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A study conducted in Indonesia asks the questions, “(i) What is the forest economic contribution in and around a forest restoration concession? (ii) How do household socio-economic characteristics (including ethnicity) determine forest use within the forest restoration concession?” (Widianingsih, Theilade, & Pouliot, 2016, 22).
The article finds a strong link between ethnicity and livelihood. Indigenous households in Indonesia rely more heavily on traditional uses of forested areas, and poorer households demonstrate greater dependence on forest-related income. In Indonesia, Batin Sembilan is the poorest and most marginalized ethnic group. In the study, this ethnic group also shows the highest forest dependency and absolute forest income. Therefore, even with forest conversion, the way of life for many indigenous groups of people remains largely unchanged. This should inform the need for forest restoration activities to take into account the livelihoods of indigenous households.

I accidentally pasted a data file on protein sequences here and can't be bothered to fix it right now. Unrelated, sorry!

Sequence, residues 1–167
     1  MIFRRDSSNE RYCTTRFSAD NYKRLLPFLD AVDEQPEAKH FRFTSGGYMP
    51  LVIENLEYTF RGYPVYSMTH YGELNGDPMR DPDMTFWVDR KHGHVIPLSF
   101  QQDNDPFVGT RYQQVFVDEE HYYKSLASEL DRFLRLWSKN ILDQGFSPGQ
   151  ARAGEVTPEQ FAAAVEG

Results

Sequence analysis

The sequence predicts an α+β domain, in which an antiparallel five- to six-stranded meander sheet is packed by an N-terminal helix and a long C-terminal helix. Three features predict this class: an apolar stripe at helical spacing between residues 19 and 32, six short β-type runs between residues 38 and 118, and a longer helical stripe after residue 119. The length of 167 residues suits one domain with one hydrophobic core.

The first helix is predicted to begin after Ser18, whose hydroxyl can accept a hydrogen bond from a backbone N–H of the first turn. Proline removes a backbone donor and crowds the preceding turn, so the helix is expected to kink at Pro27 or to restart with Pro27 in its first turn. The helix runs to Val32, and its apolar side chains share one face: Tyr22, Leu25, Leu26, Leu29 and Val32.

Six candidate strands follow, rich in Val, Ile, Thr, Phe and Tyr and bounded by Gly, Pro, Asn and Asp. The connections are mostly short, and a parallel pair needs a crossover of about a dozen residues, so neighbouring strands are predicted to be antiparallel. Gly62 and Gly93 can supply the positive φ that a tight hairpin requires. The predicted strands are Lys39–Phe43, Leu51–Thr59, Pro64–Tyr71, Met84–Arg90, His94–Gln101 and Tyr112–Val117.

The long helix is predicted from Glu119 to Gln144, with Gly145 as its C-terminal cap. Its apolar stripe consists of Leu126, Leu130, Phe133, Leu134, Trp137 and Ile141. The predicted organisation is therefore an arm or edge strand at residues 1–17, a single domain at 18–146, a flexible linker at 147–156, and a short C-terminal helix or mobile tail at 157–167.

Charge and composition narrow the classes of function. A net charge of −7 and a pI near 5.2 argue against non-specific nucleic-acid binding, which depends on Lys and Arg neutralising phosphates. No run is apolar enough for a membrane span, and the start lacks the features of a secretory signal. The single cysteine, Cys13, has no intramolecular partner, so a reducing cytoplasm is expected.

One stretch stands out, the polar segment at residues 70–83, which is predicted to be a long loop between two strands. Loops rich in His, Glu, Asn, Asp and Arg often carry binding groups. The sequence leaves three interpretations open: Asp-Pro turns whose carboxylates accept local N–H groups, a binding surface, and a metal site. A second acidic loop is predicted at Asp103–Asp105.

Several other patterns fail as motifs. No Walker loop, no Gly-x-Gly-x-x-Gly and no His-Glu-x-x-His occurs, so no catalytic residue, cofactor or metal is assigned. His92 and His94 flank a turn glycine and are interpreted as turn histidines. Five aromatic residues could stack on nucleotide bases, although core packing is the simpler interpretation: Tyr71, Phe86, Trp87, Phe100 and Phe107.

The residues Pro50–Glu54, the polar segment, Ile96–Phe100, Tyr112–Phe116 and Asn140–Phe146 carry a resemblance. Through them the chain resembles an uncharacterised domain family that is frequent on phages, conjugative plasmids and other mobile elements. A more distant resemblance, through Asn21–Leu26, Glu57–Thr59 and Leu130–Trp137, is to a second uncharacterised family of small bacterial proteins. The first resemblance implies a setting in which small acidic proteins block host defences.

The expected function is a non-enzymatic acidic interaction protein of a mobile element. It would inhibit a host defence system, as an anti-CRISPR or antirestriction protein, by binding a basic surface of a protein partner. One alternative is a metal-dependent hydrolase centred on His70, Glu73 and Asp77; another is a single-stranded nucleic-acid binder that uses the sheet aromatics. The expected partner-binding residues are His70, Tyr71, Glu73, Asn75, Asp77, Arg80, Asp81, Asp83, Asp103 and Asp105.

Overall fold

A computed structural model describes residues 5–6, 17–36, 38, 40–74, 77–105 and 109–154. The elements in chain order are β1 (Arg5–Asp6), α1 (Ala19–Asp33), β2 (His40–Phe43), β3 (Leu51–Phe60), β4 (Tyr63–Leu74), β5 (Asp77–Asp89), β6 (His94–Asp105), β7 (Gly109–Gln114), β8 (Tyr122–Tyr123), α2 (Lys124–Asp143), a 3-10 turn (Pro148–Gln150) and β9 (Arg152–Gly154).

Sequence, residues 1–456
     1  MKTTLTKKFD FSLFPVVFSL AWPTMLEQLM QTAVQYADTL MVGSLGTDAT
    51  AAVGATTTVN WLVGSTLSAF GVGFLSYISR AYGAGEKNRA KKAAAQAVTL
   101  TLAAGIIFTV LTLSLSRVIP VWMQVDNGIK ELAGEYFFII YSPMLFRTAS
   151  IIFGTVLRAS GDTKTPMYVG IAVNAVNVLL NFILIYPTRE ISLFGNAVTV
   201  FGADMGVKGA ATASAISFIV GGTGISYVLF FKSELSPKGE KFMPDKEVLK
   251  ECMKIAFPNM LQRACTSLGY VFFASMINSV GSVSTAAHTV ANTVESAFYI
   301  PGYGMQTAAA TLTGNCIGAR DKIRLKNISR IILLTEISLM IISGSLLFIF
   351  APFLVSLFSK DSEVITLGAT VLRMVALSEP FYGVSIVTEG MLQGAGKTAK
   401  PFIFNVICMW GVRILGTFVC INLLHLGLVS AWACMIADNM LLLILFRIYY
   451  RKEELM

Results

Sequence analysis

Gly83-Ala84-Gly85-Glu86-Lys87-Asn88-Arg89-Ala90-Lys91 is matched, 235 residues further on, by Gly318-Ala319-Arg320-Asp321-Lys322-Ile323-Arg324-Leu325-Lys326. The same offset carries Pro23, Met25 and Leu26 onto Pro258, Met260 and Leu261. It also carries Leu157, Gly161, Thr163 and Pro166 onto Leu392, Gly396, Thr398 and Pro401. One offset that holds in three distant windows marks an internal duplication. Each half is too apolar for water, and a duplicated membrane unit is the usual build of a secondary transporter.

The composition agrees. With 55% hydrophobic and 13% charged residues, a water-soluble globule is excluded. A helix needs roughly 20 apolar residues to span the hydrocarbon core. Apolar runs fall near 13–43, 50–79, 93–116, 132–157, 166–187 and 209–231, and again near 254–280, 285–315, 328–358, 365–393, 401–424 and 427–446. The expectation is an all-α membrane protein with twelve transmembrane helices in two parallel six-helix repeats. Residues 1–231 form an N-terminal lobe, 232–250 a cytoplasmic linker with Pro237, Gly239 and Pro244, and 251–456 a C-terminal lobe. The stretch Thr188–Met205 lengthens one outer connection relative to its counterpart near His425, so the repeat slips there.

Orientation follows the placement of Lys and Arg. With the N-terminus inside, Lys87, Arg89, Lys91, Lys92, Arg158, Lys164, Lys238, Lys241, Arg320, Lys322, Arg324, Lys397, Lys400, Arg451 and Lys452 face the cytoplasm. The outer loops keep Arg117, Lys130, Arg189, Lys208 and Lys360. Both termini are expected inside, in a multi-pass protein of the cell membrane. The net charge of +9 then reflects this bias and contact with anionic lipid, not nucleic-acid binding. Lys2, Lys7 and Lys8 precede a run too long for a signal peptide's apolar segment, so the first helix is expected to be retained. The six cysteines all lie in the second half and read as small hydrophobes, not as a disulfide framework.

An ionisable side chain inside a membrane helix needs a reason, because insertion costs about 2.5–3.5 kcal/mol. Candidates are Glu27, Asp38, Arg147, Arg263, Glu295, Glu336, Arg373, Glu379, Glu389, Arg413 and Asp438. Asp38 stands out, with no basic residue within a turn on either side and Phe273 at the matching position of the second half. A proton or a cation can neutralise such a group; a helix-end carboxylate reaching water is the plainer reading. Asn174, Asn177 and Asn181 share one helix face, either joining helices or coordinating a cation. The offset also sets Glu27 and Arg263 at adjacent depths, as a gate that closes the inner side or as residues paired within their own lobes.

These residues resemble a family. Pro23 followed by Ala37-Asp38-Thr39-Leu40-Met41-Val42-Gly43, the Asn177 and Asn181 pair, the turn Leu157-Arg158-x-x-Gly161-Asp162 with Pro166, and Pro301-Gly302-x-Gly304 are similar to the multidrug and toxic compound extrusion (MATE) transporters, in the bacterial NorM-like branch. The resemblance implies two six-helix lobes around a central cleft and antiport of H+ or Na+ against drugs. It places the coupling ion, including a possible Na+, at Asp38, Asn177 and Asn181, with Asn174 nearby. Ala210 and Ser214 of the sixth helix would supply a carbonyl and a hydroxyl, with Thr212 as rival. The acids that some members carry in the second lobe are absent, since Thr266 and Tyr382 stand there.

How can forest restoration activities address the dependence of indigenous households on forest-related income? What are some of the ways in which restoration activities could facilitate diversification of income for these indigenous households? How will restoration improve the quality of life for these groups of people?
Read more here.
Widianingsih, N. N., Theilade, I., & Pouliot, M. (2016). Contribution of forest restoration to rural livelihoods and household income in Indonesia. Sustainability (Switzerland), 8(9). https://doi.org/10.3390/su8090835
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